Blake Farmer

Babies born to mothers who used opioids during pregnancy represent one of the most distressing legacies of an opioid epidemic that has claimed almost 400,000 lives and ravaged communities.

In fact, many of the ongoing lawsuits filed against drug companies make reference to these babies, fighting through withdrawal in hospital nurseries.

In 1998, major tobacco companies reached a historic legal settlement with states that had sued them over the health care costs of smoking-related illnesses. But individual smokers have continued to sue, and to this day the tobacco industry remains tied up in hundreds of court fights with sickened smokers, or with family members who lost a loved one to cancer, heart disease, or other smoking-related illness.

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hca officials at a conference table
Blake Farmer / WPLN

As Hurricane Dorian threatened the Florida coast, top officials at HCA spent Labor Day weekend wringing their hands, pulling all-nighters in a Nashville command center.

As Hurricane Dorian threatened the Florida coast, top officials at HCA spent Labor Day weekend wringing their hands, pulling all-nighters in a Nashville command center.

It almost didn't matter where the storm hits; HCA Healthcare's hospitals were going to be affected. With dozens of hospitals on Florida’s east and west coasts, the for-profit hospital chain is exposed every time a hurricane threatens the Sunshine State.

There's a summer camp for kids with disabilities in Nashville that does things a little differently. Instead of accommodating the campers' physical challenges, therapists make life a bit tougher, in hopes of ultimately strengthening the kids' ability to navigate the world.

In modern medicine, the mind and body often stay on two separate tracks in terms of treatment and health insurance reimbursement. But it's hard to maintain physical health while suffering from a psychological disorder.

Chains, saws and old logging equipment litter the back field of Wendy Norris' family farm, near the county seat of Altamont, Tenn. Norris used to be part of the local timber industry, and the rusted tools are relics from a time when health woes didn't hold her back from felling hardwoods.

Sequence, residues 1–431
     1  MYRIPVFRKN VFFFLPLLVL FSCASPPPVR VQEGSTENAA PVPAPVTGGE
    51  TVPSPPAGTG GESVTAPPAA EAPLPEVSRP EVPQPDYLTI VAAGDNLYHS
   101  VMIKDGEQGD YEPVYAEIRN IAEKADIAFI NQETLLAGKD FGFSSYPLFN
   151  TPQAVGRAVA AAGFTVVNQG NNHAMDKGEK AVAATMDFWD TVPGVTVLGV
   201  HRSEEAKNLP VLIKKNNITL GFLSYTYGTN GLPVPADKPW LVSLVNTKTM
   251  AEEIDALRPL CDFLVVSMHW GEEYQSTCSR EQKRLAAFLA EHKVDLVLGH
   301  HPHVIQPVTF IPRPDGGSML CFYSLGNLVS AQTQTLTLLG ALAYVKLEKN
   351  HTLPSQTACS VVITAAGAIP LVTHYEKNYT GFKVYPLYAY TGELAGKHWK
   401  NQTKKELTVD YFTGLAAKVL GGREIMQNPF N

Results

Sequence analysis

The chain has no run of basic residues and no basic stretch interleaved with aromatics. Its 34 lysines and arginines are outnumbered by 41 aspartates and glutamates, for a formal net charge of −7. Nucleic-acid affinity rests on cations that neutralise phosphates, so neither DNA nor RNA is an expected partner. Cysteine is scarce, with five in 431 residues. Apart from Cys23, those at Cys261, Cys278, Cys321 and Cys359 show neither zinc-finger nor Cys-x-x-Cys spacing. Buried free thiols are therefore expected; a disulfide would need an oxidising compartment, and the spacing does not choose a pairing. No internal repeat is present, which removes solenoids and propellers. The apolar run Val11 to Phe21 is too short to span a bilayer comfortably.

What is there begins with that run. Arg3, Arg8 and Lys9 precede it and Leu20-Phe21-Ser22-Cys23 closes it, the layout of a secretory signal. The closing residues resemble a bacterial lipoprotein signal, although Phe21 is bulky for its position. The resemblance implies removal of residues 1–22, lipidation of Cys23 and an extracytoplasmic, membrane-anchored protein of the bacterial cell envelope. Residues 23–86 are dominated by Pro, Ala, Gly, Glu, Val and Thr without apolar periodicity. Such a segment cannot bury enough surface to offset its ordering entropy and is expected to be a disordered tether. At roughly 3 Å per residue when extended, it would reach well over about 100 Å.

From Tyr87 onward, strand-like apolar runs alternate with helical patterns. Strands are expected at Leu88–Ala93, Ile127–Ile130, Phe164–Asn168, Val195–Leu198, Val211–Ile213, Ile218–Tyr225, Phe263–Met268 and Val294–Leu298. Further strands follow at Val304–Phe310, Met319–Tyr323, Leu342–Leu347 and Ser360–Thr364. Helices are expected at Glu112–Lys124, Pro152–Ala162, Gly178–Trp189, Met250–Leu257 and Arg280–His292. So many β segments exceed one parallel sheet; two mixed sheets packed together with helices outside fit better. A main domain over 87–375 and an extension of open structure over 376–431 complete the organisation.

"I was nine months pregnant," Norris says. "Me and my husband stayed about 10 or 15 miles in the middle of nowhere, in a tent, for a long time."

Updated May 17, 2019, 6 p.m. ET

A lawsuit over how to distribute donated livers to dying patients took some startling turns this week.

The United Network for Organ Sharing is returning for the moment to an earlier system for distributing donated livers which it had changed on Tuesday, after a federal court in Atlanta threatened to hold the agency in contempt.

The new anti-abortion tilt of the U.S. Supreme Court has inspired some states to further restrict the procedure during the first trimester of pregnancy and move to outlaw abortion entirely if Roe v. Wade ever falls. But the rush to regulate has exposed division among groups and lawmakers who consider themselves staunch abortion opponents.

When a rural community loses its hospital, health care becomes harder to come by in an instant. But a hospital closure also shocks a small town's economy. It shuts down one of its largest employers. It scares off heavy industry that needs an emergency room nearby. And in one Tennessee town, a lost hospital means lost hope of attracting more retirees.